The probate statutory scheme is located in chapters 11 through 29 of title 15 of the Virgin Islands Code, which, if followed correctly, ensures the orderly and efficient distribution of a decedent’s property by establishing the process by which an estate is to be opened, administered, and closed. Once an estate is opened, the executor or administrator must immediately publish a notice in multiple public places alerting “all persons having claims against the estate to present them . . . within six months from the date of the notice” to the executor or administrator. 15 V.I.C. § 391. Creditors who present their claims against the estate within the first six months of the notice publication date have priority over other claims presented after the initial six months, if the executor or administrator verifies that the claim is “justly due.” 15 V.I.C. § 393; see 15 V.I.C. § 392. Once “satisfied that the claim thus presented is just,” the executor or administrator must “pay such claim in due course of administration,” or reject the claim if “not so satisfied.” 15 V.I.C. § 394. Disbursements should be made to creditors every three months.8 15 V.I.C. § 421(a). Although creditors may present claims after the six month period lapses — until the time the estate is closed — these claims “shall not be paid until the claims presented within [the six month] period have been satisfied,” and even then are to be paid only “out of any assets then in the hands of the executor or administrator not otherwise appropriated or liable.” 15 V.I.C. § 392; see In re Estate of Small, 57 V.I. 416, 422 (V.I. 2012) (“A creditor may [still] make a claim against the estate after the six month [period] has passed, but is subject to penalties in the priority of *491payment by the estate.”). Thus, the longer a creditor waits to present a claim against an estate, the probability of recovering on a valid claim decreases.

Should the executor or administrator deny a creditor’s .claim, the creditor “may present his claim to the court. . . [to] hear and determine in a summary manner all demands against any estate ... which have been so rejected.” 15 V.I.C. § 395. Should the court allow the claim, then the claim must “be satisfied in due course of administration” “as if it had been allowed by [the executor or administrator,]” indicating that the creditor maintains the priority he acquired from the time he presented the claim to the executor or administrator. 15 V.I.C. § 396. This route is especially preferable for creditors who failed to present their claim within the first six months, for while creditors who filed their claims within the first six months would retain their original priority, those creditors who submit a claim after the six month mark and then decide to file a separate civil suit would lose any priority their claims may have had and can only recover from “the assets in [the executor or administrator’s] hands at the time the summons is served.” 15 V.I.C. § 606(b). Section 606 governs when an action may be brought against an estate’s executor or administrator, and is the subject of this appeal. In its entirety, section 606 provides:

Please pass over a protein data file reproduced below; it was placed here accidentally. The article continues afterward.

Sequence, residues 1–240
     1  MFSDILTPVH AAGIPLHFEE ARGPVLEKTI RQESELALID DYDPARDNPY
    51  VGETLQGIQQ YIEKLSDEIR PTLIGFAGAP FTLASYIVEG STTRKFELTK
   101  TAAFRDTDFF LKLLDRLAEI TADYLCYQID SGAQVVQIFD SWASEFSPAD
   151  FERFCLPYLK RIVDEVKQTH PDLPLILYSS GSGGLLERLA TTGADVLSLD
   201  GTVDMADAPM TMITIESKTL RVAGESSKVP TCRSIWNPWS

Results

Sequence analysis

(a) An action may be commenced against an executor or administrator at any time after the expiration of twelve months from the granting of letters testamentary or of administration and until the final settlement of the estate and discharge of such executor or administrator from the trust, and not otherwise.
(b) An action against an executor or administrator shall not be commenced until the claim of the plaintiff has been duly presented to such executor or administrator and by him disallowed. If such claim is presented after the expiration of the period of six months mentioned in sections 391 and 392 of this title, the executor or administrator in an action therefor shall only be liable to the extent of the assets in his hands at the time the summons is served upon him.

15 V.I.C. § 606.

Section 606(a) clearly authorizes a plaintiff to commence an action against an estate’s executor or administrator in the Superior Court, and mandates that at the time of commencement (1) the estate have been open *492for a minimum of twelve months, and (2) the executor or administrator’s duties in administering the open estate are ongoing. 15 V.I.C. § 606(a). Section 606(b) imposes an additional limitation, requiring that all claims against the estate must first be presented to the executor or administrator, and then disallowed, before filing an action in court. The Appellees argue, and the Superior Court agreed, that section 606(b) is a jurisdictional limit to the court’s authority. However, we hold that section 606 is an inflexible claims-processing rule that cannot be waived.